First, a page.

I clearly remember that that’s what he said, and that’s what we all thought, and we hated his parents for not understanding such an obvious thing.

What was I thinking? What all of us were thinking? When I shared these horrific memories with Boris, he said that at least the Soviets didn’t launch missiles against Afghans. OK, they used other weapons. But that’s why I kept thinking: what was wrong with me? And those few Russian people who understand – I really admire them because I have no idea how they managed to stay human, and I am afraid I would not measure up if I were there.

There are people who understand that standing for your country’s independence is not an act of war and that Russia initiated the war, not the other way around, but there are so few of them!

That Is My Alma Mater. That WAS.

I am shocked by this news. I guess I should not be shocked because Boris told me multiple times about the situation at our university. The one that used to be THE University.

Hopefully, my non-Russian-speaking friends will use Google translate to read the article above in its entirety, but to give a quick summary, it tells about the hackathon, which was organized by Wagner with the goal of finding solutions for drones without GPS. The first-place winners are the students of Saint Petersburg State University, who previously graduated from one of the top specialized high schools (fortunately not my school, but that’s not a consolation).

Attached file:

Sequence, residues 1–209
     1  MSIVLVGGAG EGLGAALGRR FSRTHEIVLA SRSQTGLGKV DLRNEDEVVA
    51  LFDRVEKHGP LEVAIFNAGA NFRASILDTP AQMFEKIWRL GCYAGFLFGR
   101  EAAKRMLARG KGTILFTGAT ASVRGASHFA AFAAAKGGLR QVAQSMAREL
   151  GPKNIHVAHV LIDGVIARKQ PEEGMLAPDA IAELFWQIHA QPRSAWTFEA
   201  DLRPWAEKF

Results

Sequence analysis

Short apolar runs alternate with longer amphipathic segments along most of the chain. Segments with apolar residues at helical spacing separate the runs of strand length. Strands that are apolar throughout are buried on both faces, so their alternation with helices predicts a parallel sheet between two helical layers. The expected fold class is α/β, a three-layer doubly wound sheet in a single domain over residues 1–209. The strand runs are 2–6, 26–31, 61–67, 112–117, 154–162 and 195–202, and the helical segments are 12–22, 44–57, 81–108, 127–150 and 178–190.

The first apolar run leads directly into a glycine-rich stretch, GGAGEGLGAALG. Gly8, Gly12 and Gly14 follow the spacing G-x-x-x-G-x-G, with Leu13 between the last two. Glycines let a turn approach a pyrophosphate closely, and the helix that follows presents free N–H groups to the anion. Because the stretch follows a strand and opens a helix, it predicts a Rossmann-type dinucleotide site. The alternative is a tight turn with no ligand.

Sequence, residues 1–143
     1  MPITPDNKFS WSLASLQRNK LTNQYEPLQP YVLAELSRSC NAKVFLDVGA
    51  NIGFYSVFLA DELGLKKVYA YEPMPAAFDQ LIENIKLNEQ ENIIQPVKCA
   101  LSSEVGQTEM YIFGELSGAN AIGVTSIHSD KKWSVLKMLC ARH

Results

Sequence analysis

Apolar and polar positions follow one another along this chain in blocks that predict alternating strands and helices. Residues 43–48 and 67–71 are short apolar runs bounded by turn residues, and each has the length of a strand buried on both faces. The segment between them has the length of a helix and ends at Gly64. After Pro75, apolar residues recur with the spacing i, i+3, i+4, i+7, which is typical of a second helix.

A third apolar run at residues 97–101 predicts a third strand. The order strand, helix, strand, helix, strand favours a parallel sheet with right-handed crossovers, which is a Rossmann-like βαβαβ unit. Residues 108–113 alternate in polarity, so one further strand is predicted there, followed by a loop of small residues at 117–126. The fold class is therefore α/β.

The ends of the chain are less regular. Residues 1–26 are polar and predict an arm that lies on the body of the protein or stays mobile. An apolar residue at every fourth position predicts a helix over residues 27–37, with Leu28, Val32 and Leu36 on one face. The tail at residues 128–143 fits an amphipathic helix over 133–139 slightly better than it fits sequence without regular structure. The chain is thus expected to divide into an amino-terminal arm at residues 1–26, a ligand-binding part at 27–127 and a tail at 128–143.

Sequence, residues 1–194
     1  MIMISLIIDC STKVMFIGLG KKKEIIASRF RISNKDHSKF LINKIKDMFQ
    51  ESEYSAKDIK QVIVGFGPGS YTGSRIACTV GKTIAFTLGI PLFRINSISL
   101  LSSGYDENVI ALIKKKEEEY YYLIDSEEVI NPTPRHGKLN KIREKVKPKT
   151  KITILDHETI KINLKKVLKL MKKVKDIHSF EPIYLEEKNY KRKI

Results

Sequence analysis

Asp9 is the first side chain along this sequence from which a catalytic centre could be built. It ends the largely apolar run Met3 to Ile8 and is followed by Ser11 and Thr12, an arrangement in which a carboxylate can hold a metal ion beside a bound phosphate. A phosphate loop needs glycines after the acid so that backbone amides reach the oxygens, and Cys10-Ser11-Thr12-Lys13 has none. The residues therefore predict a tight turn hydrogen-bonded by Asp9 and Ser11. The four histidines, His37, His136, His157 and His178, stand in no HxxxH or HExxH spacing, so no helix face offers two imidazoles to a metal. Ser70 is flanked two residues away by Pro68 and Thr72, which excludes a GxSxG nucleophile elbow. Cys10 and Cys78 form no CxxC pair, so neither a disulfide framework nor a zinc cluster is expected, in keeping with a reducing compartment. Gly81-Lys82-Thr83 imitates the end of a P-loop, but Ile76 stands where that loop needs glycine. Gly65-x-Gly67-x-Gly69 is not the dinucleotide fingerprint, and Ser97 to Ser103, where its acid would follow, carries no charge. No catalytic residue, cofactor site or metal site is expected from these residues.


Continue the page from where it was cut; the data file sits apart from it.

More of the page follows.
And they are saying that it was fun to participate because it was an interesting problem to work on and whatever else…

Again, not like something unexpected, but truly disgusting.

And Let This Stay Here As Well

Also, I wanted to embed Putin’s address to the Russian people just so that it would sit here and be a reminder, but I didn’t come right away with any video with English subtitles, so I am leaving this link here.

One more thing I want next year to happen: I want this one to be the last Putin New Year address!!!

…and also, I want to be able to have the tag “ukraine” without the tag “war”.

In The Shadow Of The War

I know that it’s wrong to have your phone on your nightstand and check what has happened while you are asleep the moment you wake up. It might be wrong, but that’s what I do. Before February 22, I first checked whether there was an email from Boris, and starting from February 22, it was the BBC notifications… Last morning, I almost cried when I saw the notification about yet another missile strike. And I said it out loud, although nobody could hear me: they will pay for it. We will make them pay.

As much as I liked the December 26 Time magazine issue, all the articles, and all the photos, and as much as Ukraine is in the news every day, it can’t change the fact that the situation at the front is horrific. Every morning, I wake up hoping for a miracle. And every morning, it’s another missile strike. A miracle can’t help, and I know it. And I know that anti-missile weapons won’t appear miraculously, and I know that the troops need to be trained. Still, every morning…